Also we are working on Smarty 3.2 where the internals of variable handling will change. This may open up new options and restrictions.

I think we did understand your point. But I would like to stop the discussion how it could be implemented for now and think about how it could be done in 3.2.
Back to top
View user's profile Send private message
ilyalyu
Smarty Regular


Joined: 03 Nov 2009
Posts: 72

PostPosted: Mon Jan 02, 2012 8:41 pm    Post subject: Reply with quote

After some thought, my idea is very easily realized with two prefilters:
Code:
Prefilter 1: {include var1=1 var2=2} => {include var1=1 var2=2 local_include_vars=['var1' => 1, 'var2' => 2]}
Prefilter 2: {local $var1} => {$var1 = $local_include_vars.var1}

But I will wait for Smarty 3.2 and for official solution. Thx.
Back to top
View user's profile Send private message
U.Tews
Administrator


Joined: 22 Nov 2006
Posts: 4592
Location: Hamburg / Germany

PostPosted: Mon Jan 02, 2012 9:28 pm    Post subject: Reply with quote

ilyalyu wrote:
Prefilter 1: {include var1=1 var2=2} => {include var1=1 var2=2 local_include_vars=['var1' => 1, 'var2' => 2]}
Prefilter 2: {local $var1} => {$var1 = $local_include_vars.var1}


Prefilter 2 does not make any sense. $var1 does have already the correct value assigned. And Prefilter 1 does not set 'null' values for not mentioned parameters.

But you could run Prefilter 1 and then use {$local_include_vars.var1} instead of {$smarty.include.var1}
Back to top
View user's profile Send private message
ilyalyu
Smarty Regular


Joined: 03 Nov 2009
Posts: 72

PostPosted: Tue Jan 03, 2012 7:02 am    Post subject: Reply with quote

It does make sence. Look what will happen if var1 is omited in include:
Code:
Prefilter 1: {include var2=2} => {include var2=2 local_include_vars=['var2' => 2]}
Prefilter 2: {local $var1} => {$var1 = $local_include_vars.var1}

Now $var1 = null, even if it is defined in parent templates. This is what I expect for local variable.
Back to top
View user's profile Send private message
U.Tews
Administrator


Joined: 22 Nov 2006
Posts: 4592
Location: Hamburg / Germany

PostPosted: Tue Jan 03, 2012 4:53 pm    Post subject: Reply with quote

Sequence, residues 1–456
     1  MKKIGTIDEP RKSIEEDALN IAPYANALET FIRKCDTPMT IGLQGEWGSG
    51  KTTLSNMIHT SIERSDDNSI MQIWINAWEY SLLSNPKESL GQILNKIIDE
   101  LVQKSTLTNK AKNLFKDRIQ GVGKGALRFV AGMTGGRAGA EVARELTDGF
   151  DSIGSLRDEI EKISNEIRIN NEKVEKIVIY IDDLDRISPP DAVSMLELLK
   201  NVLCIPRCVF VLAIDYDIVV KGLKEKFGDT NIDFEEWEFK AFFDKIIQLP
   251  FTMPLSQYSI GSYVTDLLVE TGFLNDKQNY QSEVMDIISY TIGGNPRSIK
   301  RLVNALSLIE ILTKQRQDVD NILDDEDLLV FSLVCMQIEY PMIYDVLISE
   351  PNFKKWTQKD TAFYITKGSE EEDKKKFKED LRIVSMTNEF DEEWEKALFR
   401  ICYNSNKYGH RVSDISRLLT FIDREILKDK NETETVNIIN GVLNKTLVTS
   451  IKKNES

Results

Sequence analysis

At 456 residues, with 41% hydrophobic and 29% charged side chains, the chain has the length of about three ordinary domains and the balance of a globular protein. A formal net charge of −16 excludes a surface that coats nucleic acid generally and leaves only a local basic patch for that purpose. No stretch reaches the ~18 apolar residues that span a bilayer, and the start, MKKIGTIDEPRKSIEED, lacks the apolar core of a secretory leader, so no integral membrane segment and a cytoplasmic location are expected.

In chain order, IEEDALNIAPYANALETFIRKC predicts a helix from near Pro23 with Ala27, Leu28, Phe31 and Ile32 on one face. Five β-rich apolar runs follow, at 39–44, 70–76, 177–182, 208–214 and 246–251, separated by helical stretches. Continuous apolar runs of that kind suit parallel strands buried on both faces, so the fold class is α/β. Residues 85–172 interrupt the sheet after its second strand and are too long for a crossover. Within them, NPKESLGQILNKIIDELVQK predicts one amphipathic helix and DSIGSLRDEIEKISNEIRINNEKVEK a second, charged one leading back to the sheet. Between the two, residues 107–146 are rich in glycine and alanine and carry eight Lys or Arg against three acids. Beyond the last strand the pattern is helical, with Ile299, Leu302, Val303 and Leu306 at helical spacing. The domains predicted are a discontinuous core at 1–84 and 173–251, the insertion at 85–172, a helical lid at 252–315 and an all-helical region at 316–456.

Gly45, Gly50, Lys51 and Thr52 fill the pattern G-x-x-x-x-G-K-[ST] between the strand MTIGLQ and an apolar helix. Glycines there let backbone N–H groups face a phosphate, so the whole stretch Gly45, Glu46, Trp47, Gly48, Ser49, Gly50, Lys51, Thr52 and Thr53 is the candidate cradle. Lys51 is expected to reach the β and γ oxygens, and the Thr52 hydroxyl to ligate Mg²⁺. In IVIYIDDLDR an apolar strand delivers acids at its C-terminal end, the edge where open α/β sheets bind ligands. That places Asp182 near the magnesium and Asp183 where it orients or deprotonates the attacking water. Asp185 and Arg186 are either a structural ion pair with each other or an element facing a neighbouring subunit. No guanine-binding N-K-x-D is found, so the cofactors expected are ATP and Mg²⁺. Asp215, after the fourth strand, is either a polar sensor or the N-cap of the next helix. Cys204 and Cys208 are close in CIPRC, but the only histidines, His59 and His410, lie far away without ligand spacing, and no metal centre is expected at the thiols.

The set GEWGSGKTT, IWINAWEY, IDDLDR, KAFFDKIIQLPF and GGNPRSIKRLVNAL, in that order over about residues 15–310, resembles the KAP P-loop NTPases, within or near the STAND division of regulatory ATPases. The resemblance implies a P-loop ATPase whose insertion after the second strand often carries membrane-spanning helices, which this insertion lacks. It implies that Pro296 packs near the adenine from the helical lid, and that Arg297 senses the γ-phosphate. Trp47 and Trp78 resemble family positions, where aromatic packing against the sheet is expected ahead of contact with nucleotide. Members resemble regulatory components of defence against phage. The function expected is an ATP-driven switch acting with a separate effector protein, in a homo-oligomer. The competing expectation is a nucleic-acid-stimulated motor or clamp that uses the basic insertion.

ilyalyu wrote:
Now $var1 = null, even if it is defined in parent templates. This is what I expect for local variable.


Yes, you are right. My major point was that you can omit prefilter 2 and use {$local_include_vars.var1} instead of {$smarty.include.var1} of you initial request.
Back to top
View user's profile Send private message
fabdep
Smarty n00b


Joined: 06 Jul 2012
Posts: 1

PostPosted: Fri Jul 06, 2012 10:18 am    Post subject: Reply with quote

ilyalyu wrote:
mohrt wrote:
maybe explain the use case for identifying vars this way?


Imagine that you have smarty template that generates some object (dropdown_menu.tpl that generates dropdown menu, or popup_window.tpl that generates popup window, or wysiwyg_editor.tpl that generates wysiwyg editor). Your template (dropdown_menu.tpl) has optional parameter "width". In some places you use this optional parameter:
{include 'dropdown_menu.tpl' content=... width='100px'}
and in other places you want to OMIT it:
{include 'dropdown_menu.tpl' content=...}
The problem is that you CAN'T omit this optional parameter because you are not sure that the variable $width is not defined somewhere in parent templates. Currently, you have two solutions:
1. You can always specify optional parameter even if you don't need it: {include 'dropdown_menu.tpl' content=... width=null}
2. You can rename optional parameter to make sure that it has unique name: {include 'dropdown_menu.tpl' content=... dropdown_width='100px'}
This may look like not a big problem when you have one optional parameter. However, imagine that you have 10 optional parameters or so:
1. {include 'dropdown_menu.tpl' content=... width=null height=null offset=null color=null background_color=null border_width=null opacity=null timeout=null}
2. {include 'dropdown_menu.tpl' content=... dropdown_width='100px' dropdown_height='200px' dropdown_offset='2px' dropdown_color='red' dropdown_background_color='blue' dropdown_border_width='2px' dropdown_opacity=0.5 dropdown_timeout='300ms'}
In first case we need to explicitly define 10 null parameters. In second case we need to add prefix "dropdown_" 10 times. Now imagine that you have hundreds of such calls in your code.

To solve the above problem you need a way to know that the variable is passed as a parameter of the include and not defined somewhere in parent templates. This is the reason to have alternative syntax with different visibility rule.


I got the same problem, this guy is right.

Is there any solution? I will not say to my smarty designer: "hey you must not use that var name or you will screw my template!"

Thanks.
Back to top
View user's profile Send private message
Display posts from previous:   
Post new topic   Reply to topic    Smarty Forum Index -> Feature Requests All times are GMT
Page 1 of 1

 
Jump to:  
You cannot post new topics in this forum
You cannot reply to topics in this forum
You cannot edit your posts in this forum
You cannot delete your posts in this forum
You cannot vote in polls in this forum


Powered by phpBB © 2001, 2005 phpBB Group
Protected by Anti-Spam ACP